The Hotel


The early part of the century saw an explosion of literature with the hotel at its heart, reflecting a period of enormous social change on both sides of the Atlantic. At the same time that the work that Matthias explores was being written—Kafka, Stefan Zweig Franz Werfel, Joseph Roth, Thomas Mann—American writers such as Edith Wharton, Henry James and Sinclair Lewis too wrote about hotels. And British writers like Rosamond Lehmann, Jean Rhys, Evelyn Waugh and Elizabeth Bowen all made use of the literary hotel in their fiction, at a time when travelogues (JB Priestly, George Orwell) also abounded. The hotel as an institution is a product of the transnational industrialisation and development that took place at the end of the 19th and beginning of the 20th centuries, and thus an important vantage point from which to observe that change. The emergence of a bourgeois leisure class and the shift from a sedentary to a travelling society was reflected in literature with a focus on newly created modern spaces. These began to prise apart the strict boundaries between public and private that had hitherto been so important in the consolidation of a bourgeois identity. Ironically, one of the novels that best captures this moment was published in 1997. Steven Millhauser’s Pulitzer prize-winning Martin Dressler is a fairytale-like invocation of fin-de-siècle New York. Dressler, a flâneur who spends his life in semi-public spaces, watching and speculating, neither at home nor dislocated from home, neither alone nor part of a group, rises from humble beginnings to own a chain of hotels.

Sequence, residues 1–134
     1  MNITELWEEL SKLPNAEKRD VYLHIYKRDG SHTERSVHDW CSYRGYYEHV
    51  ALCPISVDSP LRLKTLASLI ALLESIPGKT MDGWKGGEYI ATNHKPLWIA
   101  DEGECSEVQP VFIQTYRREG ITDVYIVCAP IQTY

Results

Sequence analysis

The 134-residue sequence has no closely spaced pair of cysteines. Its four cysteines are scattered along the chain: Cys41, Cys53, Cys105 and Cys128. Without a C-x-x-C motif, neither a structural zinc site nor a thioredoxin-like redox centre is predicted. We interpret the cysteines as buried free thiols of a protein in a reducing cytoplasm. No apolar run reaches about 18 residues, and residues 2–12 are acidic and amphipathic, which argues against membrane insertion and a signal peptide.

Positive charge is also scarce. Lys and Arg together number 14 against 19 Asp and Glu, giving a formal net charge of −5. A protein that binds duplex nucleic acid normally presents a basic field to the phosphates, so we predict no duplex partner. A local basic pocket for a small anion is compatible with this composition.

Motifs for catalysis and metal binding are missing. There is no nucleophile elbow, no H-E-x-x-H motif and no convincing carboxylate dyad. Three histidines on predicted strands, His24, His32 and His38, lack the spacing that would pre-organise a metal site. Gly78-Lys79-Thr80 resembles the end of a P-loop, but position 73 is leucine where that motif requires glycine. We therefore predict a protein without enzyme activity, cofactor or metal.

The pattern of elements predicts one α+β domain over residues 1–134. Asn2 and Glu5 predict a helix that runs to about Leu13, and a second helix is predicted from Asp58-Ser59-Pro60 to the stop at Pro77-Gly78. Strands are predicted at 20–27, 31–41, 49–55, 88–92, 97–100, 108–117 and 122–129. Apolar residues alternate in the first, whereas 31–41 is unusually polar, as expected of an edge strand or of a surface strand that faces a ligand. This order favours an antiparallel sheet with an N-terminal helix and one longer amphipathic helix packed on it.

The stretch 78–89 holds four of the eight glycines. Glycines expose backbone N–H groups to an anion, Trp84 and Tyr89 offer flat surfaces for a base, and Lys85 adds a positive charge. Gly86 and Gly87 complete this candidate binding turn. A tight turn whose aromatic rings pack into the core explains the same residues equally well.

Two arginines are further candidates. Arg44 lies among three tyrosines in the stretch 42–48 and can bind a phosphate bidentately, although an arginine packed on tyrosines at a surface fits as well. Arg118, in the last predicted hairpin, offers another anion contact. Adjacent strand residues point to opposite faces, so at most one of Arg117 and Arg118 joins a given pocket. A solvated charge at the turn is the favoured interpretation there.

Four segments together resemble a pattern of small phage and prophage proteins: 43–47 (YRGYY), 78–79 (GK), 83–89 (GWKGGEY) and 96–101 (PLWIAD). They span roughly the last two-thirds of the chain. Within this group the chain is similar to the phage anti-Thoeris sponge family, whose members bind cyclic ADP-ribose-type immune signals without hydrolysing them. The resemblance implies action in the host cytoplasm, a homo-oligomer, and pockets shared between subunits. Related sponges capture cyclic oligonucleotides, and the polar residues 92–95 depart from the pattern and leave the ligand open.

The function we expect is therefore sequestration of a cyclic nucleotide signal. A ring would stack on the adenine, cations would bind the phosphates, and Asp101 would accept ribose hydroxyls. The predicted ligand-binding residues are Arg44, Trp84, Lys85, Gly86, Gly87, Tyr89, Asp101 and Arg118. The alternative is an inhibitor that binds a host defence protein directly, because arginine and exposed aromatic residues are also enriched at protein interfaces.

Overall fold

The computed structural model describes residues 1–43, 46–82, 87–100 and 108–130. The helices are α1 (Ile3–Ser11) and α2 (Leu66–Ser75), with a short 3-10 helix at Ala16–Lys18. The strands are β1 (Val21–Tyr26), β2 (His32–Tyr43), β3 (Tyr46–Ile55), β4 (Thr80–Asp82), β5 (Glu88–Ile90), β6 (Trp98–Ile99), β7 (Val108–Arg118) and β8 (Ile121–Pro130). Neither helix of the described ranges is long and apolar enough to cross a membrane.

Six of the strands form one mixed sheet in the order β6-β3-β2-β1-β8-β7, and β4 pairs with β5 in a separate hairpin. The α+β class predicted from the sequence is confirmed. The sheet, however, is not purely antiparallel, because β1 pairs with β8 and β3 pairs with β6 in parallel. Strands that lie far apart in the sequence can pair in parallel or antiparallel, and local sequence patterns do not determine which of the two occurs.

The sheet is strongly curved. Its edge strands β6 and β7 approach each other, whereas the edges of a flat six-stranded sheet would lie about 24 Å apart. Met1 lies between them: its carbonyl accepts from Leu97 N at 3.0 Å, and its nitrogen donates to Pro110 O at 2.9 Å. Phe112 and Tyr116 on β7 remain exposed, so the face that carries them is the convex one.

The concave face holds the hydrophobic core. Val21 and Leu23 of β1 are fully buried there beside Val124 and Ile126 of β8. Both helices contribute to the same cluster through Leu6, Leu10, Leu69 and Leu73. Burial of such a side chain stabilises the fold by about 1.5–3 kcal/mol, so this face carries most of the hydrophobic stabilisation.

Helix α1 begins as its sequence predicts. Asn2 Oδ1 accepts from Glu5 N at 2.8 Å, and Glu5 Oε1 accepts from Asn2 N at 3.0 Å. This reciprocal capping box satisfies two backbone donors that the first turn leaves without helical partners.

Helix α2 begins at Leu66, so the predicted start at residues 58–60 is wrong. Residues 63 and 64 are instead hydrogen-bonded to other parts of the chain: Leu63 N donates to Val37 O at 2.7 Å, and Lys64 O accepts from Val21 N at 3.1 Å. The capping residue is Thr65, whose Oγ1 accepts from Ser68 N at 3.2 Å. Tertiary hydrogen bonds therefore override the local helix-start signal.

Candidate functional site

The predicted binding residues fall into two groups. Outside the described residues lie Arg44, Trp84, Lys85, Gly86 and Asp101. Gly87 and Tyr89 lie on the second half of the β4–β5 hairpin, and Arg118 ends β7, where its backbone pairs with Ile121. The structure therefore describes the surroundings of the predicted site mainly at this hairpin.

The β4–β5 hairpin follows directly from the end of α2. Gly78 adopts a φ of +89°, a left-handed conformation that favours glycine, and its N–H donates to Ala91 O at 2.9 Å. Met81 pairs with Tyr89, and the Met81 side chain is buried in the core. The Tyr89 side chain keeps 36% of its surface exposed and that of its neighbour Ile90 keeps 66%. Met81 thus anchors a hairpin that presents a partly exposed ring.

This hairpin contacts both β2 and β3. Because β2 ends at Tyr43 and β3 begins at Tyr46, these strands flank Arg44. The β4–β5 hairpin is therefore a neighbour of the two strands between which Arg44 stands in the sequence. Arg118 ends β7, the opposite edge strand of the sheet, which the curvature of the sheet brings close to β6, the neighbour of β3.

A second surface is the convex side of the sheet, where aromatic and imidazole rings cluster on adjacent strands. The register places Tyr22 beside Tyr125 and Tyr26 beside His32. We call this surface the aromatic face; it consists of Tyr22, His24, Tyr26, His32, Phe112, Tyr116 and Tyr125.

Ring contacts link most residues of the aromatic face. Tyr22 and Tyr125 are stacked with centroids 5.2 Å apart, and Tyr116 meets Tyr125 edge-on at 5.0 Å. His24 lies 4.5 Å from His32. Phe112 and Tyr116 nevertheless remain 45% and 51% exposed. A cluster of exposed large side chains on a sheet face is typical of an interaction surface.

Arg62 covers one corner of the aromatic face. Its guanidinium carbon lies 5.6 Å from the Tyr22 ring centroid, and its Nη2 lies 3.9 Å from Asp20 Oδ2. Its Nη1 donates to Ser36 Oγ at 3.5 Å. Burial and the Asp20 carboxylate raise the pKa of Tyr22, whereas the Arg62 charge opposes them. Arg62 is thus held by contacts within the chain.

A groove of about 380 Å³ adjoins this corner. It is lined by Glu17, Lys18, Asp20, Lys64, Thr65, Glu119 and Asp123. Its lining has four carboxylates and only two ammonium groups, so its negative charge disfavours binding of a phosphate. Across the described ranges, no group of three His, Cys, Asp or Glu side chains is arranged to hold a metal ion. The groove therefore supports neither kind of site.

more from Monica Ali at Prospect here.